De-stressing a trip to the vet

Discussion in 'Chicken Behaviors and Egglaying' started by lemurchaser, Jan 28, 2009.

  1. lemurchaser

    lemurchaser Songster

    Apr 11, 2008
    Corvallis, OR
    My one chicken, Helen, has been blind since birth (well hatching really). I've been wondering what is going on with her, so I volunteered her for a vet student ophthamology lab. She needs to be there for 3 hours, and will probably get multiple exams, one by a licensed veterinary ophthamologist. For a little blind chicken, I'm guessing this will be stressful (although she really likes people, and isn't very bright). Would it be best to take a friend with her? The friend I could take would definitely be stressed by this, although she wouldn't be handled as much. Both Helen and her friend are about 6 months old. Should I take food and water for them? I doubt Helen would find the water, but she might figure out food. I'm guessing they'd be too stressed to eat. She/they would be in a large pet carrier, should I cover them to make it dark when they aren't being used, or is that too confusing for them. Do chickens tend to tolerate this better than I'm thinking?

    This will be good for Helen, especially since it is possible that there may be ways to help her. I just don't want to kill her from stress in the process.

    Thanks for any help or ideas.
    Last edited: Jan 28, 2009
  2. debilorrah

    debilorrah The Great Guru of Yap Premium Member

    Since she is blind and friendly, just make sure you are near here so she can smell you and whisper to her. I don't think I would take another chicken - like you said it may really stress them out for no reason.
  3. chookchick

    chookchick Songster

    Aug 18, 2008
    Olympia WA
    I was going to say cover the cage, but then realized she was blind! You might cover it just in case she has some light detecting ability as it will calm her during the trip. Like Debiraymond said, your voice is probably the best thing for her. I'm sure she'll be fine. Please keep us posted on what they say!
  4. WoodlandWoman

    WoodlandWoman Crowing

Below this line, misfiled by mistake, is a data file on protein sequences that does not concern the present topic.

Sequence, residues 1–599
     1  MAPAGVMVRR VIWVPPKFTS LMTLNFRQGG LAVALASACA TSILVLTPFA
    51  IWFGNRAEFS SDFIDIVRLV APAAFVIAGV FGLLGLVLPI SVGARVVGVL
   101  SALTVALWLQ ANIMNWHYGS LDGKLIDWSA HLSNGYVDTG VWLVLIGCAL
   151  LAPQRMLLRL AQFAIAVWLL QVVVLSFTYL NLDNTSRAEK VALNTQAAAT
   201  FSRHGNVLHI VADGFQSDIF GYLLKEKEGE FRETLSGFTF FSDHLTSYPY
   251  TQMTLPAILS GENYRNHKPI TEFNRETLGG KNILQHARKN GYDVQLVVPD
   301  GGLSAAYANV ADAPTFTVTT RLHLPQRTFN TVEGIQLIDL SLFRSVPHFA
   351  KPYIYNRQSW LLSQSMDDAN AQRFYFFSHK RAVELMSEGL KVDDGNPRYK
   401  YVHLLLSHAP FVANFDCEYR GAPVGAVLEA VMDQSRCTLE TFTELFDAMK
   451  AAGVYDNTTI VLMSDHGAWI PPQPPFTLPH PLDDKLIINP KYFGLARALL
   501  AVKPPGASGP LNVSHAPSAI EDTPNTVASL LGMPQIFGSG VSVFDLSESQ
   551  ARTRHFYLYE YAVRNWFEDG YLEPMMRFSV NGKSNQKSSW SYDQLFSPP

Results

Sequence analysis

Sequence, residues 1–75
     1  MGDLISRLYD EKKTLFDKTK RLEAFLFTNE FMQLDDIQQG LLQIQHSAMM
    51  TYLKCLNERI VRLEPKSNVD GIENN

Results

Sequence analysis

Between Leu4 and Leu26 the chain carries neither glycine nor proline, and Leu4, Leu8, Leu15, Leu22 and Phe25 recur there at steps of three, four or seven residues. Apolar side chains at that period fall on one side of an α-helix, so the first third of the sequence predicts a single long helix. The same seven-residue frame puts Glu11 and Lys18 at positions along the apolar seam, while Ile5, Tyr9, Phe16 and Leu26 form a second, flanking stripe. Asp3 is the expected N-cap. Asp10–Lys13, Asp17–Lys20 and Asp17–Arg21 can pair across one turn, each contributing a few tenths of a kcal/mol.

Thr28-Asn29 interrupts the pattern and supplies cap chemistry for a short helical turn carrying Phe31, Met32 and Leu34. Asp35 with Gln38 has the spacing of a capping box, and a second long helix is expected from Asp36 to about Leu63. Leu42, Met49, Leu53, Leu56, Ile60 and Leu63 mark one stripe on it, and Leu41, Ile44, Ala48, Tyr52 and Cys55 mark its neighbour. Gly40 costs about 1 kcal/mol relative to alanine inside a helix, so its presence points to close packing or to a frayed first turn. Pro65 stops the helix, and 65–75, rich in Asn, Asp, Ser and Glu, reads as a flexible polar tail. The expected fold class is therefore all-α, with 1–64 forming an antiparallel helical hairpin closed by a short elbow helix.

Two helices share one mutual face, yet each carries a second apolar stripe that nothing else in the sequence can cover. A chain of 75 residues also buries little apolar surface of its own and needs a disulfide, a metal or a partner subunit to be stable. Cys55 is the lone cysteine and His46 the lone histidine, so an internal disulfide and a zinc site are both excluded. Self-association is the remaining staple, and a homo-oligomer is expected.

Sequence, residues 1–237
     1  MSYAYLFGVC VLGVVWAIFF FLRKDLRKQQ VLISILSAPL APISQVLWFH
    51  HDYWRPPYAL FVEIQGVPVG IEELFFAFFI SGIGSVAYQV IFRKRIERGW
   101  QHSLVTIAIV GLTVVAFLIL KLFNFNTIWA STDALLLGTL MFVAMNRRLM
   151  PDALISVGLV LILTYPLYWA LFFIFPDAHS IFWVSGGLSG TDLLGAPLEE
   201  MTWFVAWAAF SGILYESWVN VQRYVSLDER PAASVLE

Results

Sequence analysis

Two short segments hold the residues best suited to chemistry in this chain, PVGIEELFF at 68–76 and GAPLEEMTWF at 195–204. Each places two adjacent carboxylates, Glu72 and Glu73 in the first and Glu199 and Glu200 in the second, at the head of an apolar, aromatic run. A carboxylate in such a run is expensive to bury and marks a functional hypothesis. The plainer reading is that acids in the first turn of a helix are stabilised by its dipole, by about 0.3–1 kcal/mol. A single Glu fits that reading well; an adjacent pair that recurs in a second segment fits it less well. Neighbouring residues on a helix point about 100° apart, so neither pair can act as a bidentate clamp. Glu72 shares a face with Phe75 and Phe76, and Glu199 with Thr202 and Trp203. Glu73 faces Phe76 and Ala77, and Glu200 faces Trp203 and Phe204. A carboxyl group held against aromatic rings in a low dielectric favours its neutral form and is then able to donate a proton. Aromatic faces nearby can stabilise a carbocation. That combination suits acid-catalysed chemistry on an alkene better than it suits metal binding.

May 8, 2007
    All the vet students I've had work with my animals were very good with them. I'd mention to them that she likes people and would probably enjoy it if they speak gently and nicely to her. Normally, they would do this automatically with any animal, especially a patient like a blind dog. Sometimes, though, people aren't really familiar with what chickens are like, especially pet chickens that are more social.

    You could put a little note on her carrier. I always have my contact info on mine. You could also tape a note on that says something like, "Hi, my name is Helen. I am a blind chicken, so please speak gently to me, before handling me. I like people and I hope you like me, too."

    Is she used to being in a pet carrier? If she isn't, I'd let her spend a little time in it, before the day she has to go in. I'd use the same substrate in the carrier and the same bowl placement as you're going to use the day of the lab. Even 10 or 15 minutes would be helpful, a couple of times.

    She'll probably do great. I hope they can help her.
  5. sred98

    sred98 Songster

    Jan 18, 2008
    That is awesome that they accepted her! I agree to tape a note to the carrier, explaining her situation. I would maybe compare her to a parrot or other large (typical) pet bird. Maybe put something on there that says, "Hi! My name is Helen. I am blind. I enjoy people talking to me, soft rubs on my earlobes, being carried around like a football, raisins, and oatmeal. I do not like being picked up without being told first, rubbing my feathers the wrong way, and loud music." Of course, these are just suggestions, but I bet if you make it a personal cute note, she will probably be lavished with extra attention. [​IMG]